by Roger Firestien with Cher Ravenell

Albert Einstein was once asked, “If some imminent disaster threatened the world and you had one hour in which you knew you could save it, how would you spend your time?”

Einstein replied,* «I would spend the first fifty-five minutes identifying the problem and the last five minutes solving it. For the formulation of a problem is often far more essential than its solution, which may be merely a matter of mathematical or experimental skill.»*

Keep this in mind: The wording you use to describe a problem will determine how you will solve that problem. How do you explore the problem space to be sure you find the best definition of your problem? Language. In Creative Problem Solving it is all about how you phrase your problem.

Consider the following two statements:

*“We don’t have enough money.” *

*“It’s too expensive.”*

These two statements block your thinking. They send messages to your brain that there isn’t a way to solve the problem.

Now consider the following two questions:

*“How might we raise the money?” *

*“How might we reduce the cost?”*

By comparison, these two questions open your mind to look for possible solutions to the problem. They provoke ideas that could solve your problem.

It is all about how you phrase your problem. Yes, it is true; people associate creativity with brainstorming and generating massive amounts of ideas. However, in my 35 years of experience, clarifying your problem is as important or EVEN MORE important than generating all those great ideas. It does absolutely no good to generate ideas for solving the wrong problem.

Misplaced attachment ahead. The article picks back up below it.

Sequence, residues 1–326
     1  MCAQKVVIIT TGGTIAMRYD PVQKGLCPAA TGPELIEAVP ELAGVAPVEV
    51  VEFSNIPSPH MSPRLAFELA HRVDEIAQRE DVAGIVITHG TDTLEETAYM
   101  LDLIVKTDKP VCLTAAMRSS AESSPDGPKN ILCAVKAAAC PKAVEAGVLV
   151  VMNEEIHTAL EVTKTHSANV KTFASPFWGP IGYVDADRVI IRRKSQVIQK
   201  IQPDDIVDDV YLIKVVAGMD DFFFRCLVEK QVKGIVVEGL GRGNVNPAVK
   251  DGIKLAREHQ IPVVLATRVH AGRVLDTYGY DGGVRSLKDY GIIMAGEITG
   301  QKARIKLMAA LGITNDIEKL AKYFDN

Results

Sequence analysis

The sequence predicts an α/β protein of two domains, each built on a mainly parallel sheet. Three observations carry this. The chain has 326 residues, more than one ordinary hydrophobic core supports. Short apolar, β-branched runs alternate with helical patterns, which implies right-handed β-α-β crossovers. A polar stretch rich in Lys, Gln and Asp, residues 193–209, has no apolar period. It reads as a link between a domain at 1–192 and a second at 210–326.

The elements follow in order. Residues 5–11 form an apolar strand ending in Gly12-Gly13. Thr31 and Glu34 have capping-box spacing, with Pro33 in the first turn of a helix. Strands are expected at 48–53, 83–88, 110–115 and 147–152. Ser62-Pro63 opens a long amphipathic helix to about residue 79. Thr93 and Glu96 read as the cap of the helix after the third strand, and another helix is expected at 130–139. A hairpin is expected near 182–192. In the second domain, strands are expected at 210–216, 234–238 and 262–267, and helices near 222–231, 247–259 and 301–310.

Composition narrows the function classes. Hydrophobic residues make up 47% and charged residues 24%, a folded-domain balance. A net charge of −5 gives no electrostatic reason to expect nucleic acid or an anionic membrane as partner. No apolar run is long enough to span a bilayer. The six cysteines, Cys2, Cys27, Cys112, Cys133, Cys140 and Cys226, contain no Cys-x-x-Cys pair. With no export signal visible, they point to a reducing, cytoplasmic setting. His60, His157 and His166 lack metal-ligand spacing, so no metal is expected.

My suggestion: spend time generating a variety of different ways to define your problem first. The process is the same for clarifying your problem as it is for producing ideas. Just as you generate all those creative ideas for solving a problem using a technique like brainstorming; you can also brainstorm plenty of different ways to define a problem.

Give it a try. Next time you need to solve a tough problem, back up a step. Don’t rush to solve that problem. Instead, generate at least 10 to 15 different ways of restating the problem. Turn your problem into a question. Begin your statements with the phrase, “How to …” or “How might….” Once you have generated a variety of ways to redefine your problem, take a look at the new questions. Only then should you select the best definition of the problem on which to generate ideas.

Trust my 38 years of experience in this business. It is worth the extra time to identify the correct problem. It will pay great dividends when you find that the ideas you generate are right on target.

Think about it—if it was good enough for Einstein, it will definitely work for you.